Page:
It is an insult to the victims of actual genocides (Armenians and Greeks in the Ottoman Empire, Serbs in the "Independent State of Croatia", Jews in the Nazi death camps) when this word is used so lightly. There is a whole industry dedicated to the claim that what happened in Srebrenica in 1995 was genocide on par with the Holocaust - a claim that defies logic as well as piety. And now there are idiots seeing "linguistic genocide" in online polls. What's next?
It was me who realised it was a "load of rubbish" and put that comment.
My question to the guy who started the vote is here:
and his reply to me is here:
Being a regular reader of yours, I wanted to let you know about it a few days ago, but couldn't see an email address to contact you on.
What an idiocy indeed.
And I loved this:
"One commenter to Ullmann's post called it a "load of rubbish", and said he'd contacted the instigator of the Wiktionary vote: "he told me that he isn't even a Serb let alone a Serb Nationalist and is in fact a Croat."
"There are so many people, telling so many lies, inaccuracies and myths about the Serbs, Yugoslavia, and the Balkans wars of the 1990s that trying to refute, correct or condemn all of them would be a full-time job."
You said it.
Some seventeen years ago, when quartering of Yugoslavia was in full swing, I was still being shocked by how many desperately ignorant people held full professorships at the most reputable "Ivy League" universities in the U.S., while listening to their "versions" of "facts" and "history" in many then fashionable public lectures on "what was going on in Yugoslavia". (I even recall publicly correcting one such illustrious historian, who confidently asserted that Tito was no less than "a Serb nationalist" (!) ... Oh, needless to add, he remained completely - and smilingly - unmoved in his "conviction".) Nothing surprises me since. Hope that a lot of the crap is drowning in internet noise these days...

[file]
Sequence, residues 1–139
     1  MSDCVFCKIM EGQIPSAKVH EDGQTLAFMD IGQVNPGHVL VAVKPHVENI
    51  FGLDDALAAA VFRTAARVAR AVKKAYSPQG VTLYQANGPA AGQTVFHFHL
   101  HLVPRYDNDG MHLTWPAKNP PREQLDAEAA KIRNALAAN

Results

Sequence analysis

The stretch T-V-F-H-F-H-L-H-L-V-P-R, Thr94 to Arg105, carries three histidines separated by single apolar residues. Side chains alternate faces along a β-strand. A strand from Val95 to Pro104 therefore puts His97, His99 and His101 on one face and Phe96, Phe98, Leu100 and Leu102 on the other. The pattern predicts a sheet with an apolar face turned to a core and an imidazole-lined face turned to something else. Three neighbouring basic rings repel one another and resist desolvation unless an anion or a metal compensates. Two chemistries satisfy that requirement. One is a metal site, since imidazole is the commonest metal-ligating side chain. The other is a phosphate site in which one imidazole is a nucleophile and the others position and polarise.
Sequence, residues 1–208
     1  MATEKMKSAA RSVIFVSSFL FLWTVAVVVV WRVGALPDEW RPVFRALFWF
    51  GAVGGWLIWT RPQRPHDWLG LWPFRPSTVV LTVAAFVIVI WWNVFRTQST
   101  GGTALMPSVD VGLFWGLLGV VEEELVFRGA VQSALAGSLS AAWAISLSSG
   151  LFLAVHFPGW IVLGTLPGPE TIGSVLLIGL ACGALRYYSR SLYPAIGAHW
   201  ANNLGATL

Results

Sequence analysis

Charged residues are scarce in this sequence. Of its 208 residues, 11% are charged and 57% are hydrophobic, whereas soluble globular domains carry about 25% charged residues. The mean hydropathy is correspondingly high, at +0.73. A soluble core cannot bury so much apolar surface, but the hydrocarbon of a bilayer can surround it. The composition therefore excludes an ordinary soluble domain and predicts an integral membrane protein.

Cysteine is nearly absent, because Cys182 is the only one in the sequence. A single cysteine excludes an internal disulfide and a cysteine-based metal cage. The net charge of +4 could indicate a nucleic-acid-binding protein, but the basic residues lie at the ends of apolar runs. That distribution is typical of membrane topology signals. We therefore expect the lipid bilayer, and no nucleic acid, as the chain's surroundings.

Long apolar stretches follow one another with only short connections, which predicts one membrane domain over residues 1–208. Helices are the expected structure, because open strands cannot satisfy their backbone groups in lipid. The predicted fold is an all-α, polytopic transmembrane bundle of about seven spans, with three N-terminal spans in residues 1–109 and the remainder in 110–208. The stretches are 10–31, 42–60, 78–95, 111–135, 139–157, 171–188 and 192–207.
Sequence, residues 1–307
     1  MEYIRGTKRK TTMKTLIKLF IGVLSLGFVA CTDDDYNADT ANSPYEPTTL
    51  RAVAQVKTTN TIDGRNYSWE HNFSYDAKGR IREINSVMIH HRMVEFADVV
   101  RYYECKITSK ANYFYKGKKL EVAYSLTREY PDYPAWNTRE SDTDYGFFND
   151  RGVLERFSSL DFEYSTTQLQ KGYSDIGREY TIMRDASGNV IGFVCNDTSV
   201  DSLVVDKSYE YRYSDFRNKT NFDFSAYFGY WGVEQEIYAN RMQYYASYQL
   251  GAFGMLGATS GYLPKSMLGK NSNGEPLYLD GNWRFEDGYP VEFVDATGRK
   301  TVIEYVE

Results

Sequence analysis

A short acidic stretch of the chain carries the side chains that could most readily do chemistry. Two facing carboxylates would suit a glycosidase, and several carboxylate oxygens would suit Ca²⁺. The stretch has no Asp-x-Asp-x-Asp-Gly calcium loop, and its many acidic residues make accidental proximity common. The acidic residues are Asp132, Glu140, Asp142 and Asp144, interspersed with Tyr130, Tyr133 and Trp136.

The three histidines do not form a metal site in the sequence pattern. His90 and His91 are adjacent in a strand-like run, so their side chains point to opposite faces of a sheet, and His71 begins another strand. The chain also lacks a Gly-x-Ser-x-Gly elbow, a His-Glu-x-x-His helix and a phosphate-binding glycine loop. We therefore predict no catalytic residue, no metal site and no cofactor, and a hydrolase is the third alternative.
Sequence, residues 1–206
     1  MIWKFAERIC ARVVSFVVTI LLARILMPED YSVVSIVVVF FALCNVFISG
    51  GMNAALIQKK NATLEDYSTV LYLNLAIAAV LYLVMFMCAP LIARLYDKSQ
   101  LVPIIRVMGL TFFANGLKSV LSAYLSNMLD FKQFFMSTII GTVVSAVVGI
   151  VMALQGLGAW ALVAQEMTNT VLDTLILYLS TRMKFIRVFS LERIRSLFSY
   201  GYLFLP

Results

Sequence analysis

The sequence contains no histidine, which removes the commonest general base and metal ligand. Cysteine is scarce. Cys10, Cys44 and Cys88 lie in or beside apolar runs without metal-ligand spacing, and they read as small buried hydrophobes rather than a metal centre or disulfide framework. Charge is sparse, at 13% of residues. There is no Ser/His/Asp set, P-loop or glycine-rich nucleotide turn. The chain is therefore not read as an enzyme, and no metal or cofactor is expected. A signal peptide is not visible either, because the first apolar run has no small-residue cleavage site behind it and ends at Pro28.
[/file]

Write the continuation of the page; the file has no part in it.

P.S. The two scripts, Cyrillic and Latin, reflect profoundly different histories, cultures and religions of two decidedly distinct nations, and it only makes sense to have Cyrillic set as the official one in Serbia, most of Bosnia and Herzegovina, and of course Montenegro, while have Latin in Croatian regions.
Concerning the spoken Serbo-Croatian, an impartial linguist might say that, as far as he is concerned, the languages spoken on Radio Belgrade and Radio Zagreb are "basically" one and the same, and that if these two are taken as "standards" for Serbian and Croatian, the "Serbo-Croatian" designation is warranted.